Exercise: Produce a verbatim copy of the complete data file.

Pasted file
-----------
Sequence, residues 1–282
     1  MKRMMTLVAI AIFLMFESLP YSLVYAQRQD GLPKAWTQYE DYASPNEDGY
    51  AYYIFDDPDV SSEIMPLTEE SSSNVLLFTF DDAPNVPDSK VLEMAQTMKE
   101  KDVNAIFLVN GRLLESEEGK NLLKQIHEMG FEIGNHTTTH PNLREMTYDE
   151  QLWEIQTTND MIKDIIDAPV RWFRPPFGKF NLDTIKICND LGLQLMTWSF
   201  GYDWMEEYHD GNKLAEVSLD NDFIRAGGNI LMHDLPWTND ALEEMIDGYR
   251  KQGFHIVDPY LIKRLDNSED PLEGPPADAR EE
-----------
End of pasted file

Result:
Sequence, residues 1–282
     1  MKRMMTLVAI AIFLMFESLP YSLVYAQRQD GLPKAWTQYE DYASPNEDGY
    51  AYYIFDDPDV SSEIMPLTEE SSSNVLLFTF DDAPNVPDSK VLEMAQTMKE
   101  KDVNAIFLVN GRLLESEEGK NLLKQIHEMG FEIGNHTTTH PNLREMTYDE
   151  QLWEIQTTND MIKDIIDAPV RWFRPPFGKF NLDTIKICND LGLQLMTWSF
   201  GYDWMEEYHD GNKLAEVSLD NDFIRAGGNI LMHDLPWTND ALEEMIDGYR
   251  KQGFHIVDPY LIKRLDNSED PLEGPPADAR EE